My 13-year-old son has had a cell phone since he was 11. He worked hard and earned the money to pay for it himself. He was extremely proud and felt as important as we all do when we get something shiny and new.
Being that this was my first child with a cell phone, I was new to the whole world of social media and tweens. I had no idea what Musical.ly or Snapchat were, but I had to figure them out quickly.
I soon learned we had to set some hard rules with his cell phone use, including no phone behind closed doors and limited usage. Technology can feel like a security blanket for a lot of adults and kids; he was no exception. It’s just too easy to check out of real life and check in to your phone instead. I’m certainly guilty of it.
I didn’t realize how much the push notifications would suck him in. As a child who liked to be outside and ride his bike, ski, and play ball, I figured he would soon tire of his phone and want to go back to his normal activities, but it was just the opposite. Spending time online was all he wanted to do, so I set a two-hour a day rule on his phone.
As he’s gotten older, I’ve had to get more involved in monitoring it. He’s aware of the social media world and Snapchat is his favorite way to communicate with friends. His usage isn’t like it was when he first got his phone and all he was interested in were videos about cars and working out on YouTube. He’s lost interest in video games now that girls are in the picture and it’s a whole different set of worries and responsibilities — for both of us
I recently took away his cell phone for a few weeks as punishment. He was really upset at first and figured the next few weeks would be hell, but to my surprise after the first few hours, he seemed to perk up.
The day after that, I noticed something else happen: he was much more animated, engaged with the family, and talkative than he had been in almost a year. Without his cell phone, he opened up and honestly seemed happier than he’s been in a long time. Of course, I didn’t point that out to him, lest ruining his new lease on life by reminding him life without a cell phone might be a good thing.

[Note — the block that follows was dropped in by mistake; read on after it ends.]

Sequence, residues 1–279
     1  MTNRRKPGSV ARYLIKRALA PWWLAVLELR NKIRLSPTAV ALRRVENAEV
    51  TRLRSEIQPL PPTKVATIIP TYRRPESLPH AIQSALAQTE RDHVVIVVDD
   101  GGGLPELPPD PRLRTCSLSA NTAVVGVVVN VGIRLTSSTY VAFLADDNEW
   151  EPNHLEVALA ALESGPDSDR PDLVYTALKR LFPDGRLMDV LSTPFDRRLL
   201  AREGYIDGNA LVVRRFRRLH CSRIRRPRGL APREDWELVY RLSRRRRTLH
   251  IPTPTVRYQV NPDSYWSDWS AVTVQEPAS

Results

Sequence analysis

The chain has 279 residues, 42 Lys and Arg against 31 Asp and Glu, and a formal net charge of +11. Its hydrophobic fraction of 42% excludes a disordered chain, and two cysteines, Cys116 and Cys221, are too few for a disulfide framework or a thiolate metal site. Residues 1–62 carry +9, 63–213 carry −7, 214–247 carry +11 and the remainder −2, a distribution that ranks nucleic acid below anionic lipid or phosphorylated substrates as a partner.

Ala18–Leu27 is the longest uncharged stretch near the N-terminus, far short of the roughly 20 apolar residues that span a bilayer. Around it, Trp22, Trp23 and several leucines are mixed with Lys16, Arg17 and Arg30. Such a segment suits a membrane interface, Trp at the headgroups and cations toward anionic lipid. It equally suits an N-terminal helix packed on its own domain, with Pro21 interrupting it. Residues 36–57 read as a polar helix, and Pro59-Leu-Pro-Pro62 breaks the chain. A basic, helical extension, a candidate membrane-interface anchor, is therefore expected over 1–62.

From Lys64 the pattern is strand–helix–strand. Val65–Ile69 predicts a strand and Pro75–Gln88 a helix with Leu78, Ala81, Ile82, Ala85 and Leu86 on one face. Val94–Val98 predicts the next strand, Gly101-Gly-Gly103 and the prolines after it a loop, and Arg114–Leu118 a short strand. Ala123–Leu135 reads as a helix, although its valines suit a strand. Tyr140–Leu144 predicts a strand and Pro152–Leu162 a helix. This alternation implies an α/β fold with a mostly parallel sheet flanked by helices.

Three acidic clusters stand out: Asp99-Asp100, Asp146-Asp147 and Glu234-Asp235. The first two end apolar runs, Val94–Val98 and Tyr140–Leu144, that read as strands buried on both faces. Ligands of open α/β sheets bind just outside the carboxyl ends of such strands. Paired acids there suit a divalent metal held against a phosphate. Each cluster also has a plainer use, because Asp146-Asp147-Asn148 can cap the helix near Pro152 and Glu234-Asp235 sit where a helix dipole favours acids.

When the phone had been gone for a week, he actually told me he felt happier without it. I knew exactly what he meant. The times I’ve stepped away from my phone or computer for the day, I definitely feel reconnected to reality, and in a better mood. The fact he noticed this on his own was gold.
It has been proven too much time on our phones or computers can be linked to depression. According to PsychGuides.com, warning signs of teen cell phone addition include irritability, fatigue, depression, loss of interest in activities they used to find enjoyable, and difficulties paying attention.
I wouldn’t say my son was depressed when he had regular access to his phone, but he was quieter and more irritable. There were times I would take his phone away for the day and he would almost panic (which was why I was dreading the few weeks without it).
Seeing him happier and connected when the phone was gone was alarming to me. I had figured a lot of his moodiness and quiet behavior was because of his age and hormones, but I would say almost half of it was most definitely linked to phone usage.
He said it felt hard at first, like maybe he was missing out on something, but soon enjoyed his life better without the anxiety of feeling like he always had to check in.
When I give him his phone back, we are going to limit daily usage even more and have days where he isn’t allowed to be on it at all. I haven’t told him this yet, but when I do, I’m hoping he’ll comply without complaint.
Of course, I’m ready to bring up the conversation about how he feels happier without it if he resists these new rules. After all, he said it himself and he can’t argue with that!